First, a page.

Pope John Paul II, shaking a fist at the arid mountains around this Andean town, called on Maoist guerrillas today to abandon violence and urged Peruvians to take "concrete steps" to remedy social injustices that "leave an open field" for revolution.

In a 40-minute visit to the provincial capital that has been a focal point of bloody conflict between the Sendero Luminoso (Shining Path) rebels and government forces, John Paul asked for "urgent" measures to "correct the injustices . . . the civic neglect" of the region, which he said can lead to "explosive situations, favoring violence."

The pope, nearing the end of a 12-day trip to South America and the Caribbean, used his strongest language against the Maoist rebels whose attempts to stir armed revolution in Peru have led to dozens of battles and massacres in poor Andean villages and more than 4,000 deaths nationwide since 1980.

"I implore you with pain in my heart, and at the same time with firmness and hope, to reflect on the path you have begun," he said, speaking in Spanish and addressing "the men who have put their confidence in the armed struggle."

"Violence," he said, "is not a means of construction."

The pope declared that "Christianity recognizes the noble and just fight for justice at all levels but invites its promotion through comprehension, dialogue, and generous and effective work" while "excluding solutions by roads of hatred and death."

"I ask you then, in the name of God: change course," John Paul shouted, looking up from his text to the mountain as a lock of silver hair trailed over his forehead. "There is still time."

John Paul made only one vague reference to the need for security forces "to inspire confidence in the population." This disappointed Roman Catholic human rights activists who have documented hundreds of cases of atrocities, including massacres, torture and disappearances, allegedly carried out by government forces in the area. The government of Fernando Belaunde Terry has regularly rejected charges by the church and international human rights groups of brutalities.

Quoting from a statement by Peruvian bishops on human rights but omitting its strongest language, John Paul further softened the reference by saying security forces had an "extremely delicate" mission that was sometimes "thankless and not understood."

At the same time, he advised Peruvian clergy, whom Belaunde has accused of indirectly aiding the guerrillas, to "watch out for interests and aims intended to sharpen the antagonisms."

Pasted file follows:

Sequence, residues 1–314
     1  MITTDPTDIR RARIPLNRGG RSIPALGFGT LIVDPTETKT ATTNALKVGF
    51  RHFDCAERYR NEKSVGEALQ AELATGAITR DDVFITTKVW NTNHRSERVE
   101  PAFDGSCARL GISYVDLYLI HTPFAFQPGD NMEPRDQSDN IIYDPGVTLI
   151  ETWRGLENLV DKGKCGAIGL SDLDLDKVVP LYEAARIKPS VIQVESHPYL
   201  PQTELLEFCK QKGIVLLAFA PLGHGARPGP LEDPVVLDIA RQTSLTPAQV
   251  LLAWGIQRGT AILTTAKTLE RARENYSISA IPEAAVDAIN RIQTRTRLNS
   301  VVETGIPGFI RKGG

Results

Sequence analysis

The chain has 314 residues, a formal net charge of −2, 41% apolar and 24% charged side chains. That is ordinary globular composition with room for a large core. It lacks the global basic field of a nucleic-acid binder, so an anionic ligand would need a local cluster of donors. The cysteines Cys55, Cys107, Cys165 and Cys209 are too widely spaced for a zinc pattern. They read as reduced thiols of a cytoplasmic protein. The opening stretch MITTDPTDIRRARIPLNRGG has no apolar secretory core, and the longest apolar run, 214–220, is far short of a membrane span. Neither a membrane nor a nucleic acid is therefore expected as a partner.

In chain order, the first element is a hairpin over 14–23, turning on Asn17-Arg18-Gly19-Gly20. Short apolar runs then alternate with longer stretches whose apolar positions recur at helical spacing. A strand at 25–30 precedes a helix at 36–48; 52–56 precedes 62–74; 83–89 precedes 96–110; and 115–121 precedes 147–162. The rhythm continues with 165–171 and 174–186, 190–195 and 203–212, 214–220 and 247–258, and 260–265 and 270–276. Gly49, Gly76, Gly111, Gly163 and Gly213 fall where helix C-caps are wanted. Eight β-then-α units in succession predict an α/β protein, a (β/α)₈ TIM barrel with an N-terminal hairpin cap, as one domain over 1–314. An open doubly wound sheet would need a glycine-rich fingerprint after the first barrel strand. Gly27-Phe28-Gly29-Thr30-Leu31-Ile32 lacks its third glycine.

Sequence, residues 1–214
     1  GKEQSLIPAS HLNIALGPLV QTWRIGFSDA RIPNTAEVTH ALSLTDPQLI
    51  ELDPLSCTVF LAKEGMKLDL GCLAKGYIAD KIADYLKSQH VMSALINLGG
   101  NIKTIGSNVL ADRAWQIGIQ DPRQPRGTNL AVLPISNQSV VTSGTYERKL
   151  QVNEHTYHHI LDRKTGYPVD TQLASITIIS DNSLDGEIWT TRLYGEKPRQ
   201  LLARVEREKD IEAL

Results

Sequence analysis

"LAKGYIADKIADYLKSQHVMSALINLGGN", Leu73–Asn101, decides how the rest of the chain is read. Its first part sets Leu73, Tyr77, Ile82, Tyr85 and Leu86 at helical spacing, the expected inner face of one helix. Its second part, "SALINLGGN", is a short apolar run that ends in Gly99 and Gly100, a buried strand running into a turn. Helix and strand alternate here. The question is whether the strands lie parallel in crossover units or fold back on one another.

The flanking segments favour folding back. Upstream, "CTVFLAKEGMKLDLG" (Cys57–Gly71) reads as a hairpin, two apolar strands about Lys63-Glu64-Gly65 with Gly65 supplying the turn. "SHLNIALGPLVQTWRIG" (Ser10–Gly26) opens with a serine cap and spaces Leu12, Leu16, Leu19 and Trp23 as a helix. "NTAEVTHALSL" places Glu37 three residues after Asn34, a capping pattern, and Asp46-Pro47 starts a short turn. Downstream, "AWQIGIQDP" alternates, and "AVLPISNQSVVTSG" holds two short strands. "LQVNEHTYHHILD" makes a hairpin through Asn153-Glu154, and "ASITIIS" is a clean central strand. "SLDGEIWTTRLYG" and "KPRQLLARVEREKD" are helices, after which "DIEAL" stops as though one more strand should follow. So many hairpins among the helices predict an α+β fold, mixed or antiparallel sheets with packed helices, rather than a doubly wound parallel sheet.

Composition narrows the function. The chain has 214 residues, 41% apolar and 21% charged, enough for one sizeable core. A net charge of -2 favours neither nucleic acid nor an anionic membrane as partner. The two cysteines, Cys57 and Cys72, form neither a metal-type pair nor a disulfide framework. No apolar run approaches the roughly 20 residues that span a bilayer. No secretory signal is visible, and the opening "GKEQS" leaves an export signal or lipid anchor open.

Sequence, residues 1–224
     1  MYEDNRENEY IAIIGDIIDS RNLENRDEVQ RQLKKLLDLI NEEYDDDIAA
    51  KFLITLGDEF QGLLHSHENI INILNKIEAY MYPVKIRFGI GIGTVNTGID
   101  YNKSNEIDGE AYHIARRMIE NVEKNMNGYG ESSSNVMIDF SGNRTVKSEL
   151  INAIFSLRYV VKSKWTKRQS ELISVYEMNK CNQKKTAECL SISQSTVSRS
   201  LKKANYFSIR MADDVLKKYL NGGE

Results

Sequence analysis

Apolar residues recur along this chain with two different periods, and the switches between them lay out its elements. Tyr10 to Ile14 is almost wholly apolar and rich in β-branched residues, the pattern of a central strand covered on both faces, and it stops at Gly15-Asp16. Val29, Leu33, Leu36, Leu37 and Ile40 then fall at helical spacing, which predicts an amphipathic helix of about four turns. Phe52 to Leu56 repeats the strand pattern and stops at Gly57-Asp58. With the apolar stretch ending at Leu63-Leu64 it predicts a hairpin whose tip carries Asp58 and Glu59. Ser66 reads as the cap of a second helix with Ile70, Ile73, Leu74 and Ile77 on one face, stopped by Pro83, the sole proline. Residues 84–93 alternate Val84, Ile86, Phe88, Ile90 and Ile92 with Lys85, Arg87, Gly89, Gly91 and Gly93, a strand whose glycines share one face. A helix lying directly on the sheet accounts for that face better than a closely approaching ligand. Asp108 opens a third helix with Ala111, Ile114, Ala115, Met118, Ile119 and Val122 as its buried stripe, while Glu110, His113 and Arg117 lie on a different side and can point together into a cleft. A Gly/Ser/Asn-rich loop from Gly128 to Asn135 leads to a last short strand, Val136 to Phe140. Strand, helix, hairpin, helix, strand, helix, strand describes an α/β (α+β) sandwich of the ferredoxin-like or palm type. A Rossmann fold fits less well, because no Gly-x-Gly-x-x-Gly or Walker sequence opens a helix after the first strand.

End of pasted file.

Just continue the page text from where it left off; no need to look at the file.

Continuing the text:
John Paul continued his attack on pro-Marxist aspects of liberation theology, a doctrine of activism on behalf of the poor that has had strong influence in the Peruvian church. "A commitment to liberation that is not inspired in the aim of truth, justice and love without exclusions, that is not accompanied by action in favor of reconciliation and peace, is not Christian," he said.

Ayacucho, 200 miles southeast of Lima, was blacked out by rebel bomb explosions as recently as a week ago, and security was heavy around the airport parking lot, where the pope appeared. A crowd of several thousand spectators was kept 25 feet from the podium by a six-foot chain-link fence and a line of soldiers.

The pope devoted much of his address to the need for "all Peruvians of good faith to turn their gaze to the suffering of the people of Ayacucho."

"On the horizon of Peru you are presented with a task that cannot be postponed: to work with nonviolent methods to reestablish justice in human, social, economic and political relations," he said.

He also called on the international community to "apply just measures" in economic dealings with developing countries, mentioning "discrimination in commercial trade" and financial conditions on payment of foreign debts as areas for reform.

Social and economic justice were also principal themes of the pope's address earlier in the day in Cuzco, the 12,000-foot-high capital of Peru's Inca civilization.

The pope addressed the problems of rural workers and farmers, emphasizing the "extreme differences between social classes" and the need for "adequate and urgent measures" such as land reform.

He denounced the social "plagues" of official corruption and the "corrupt business" of cocaine trafficking. He said coca plants, a traditional crop of Indians in the Andes, were being used as "a sinister poison that some exploit without the slightest scruple."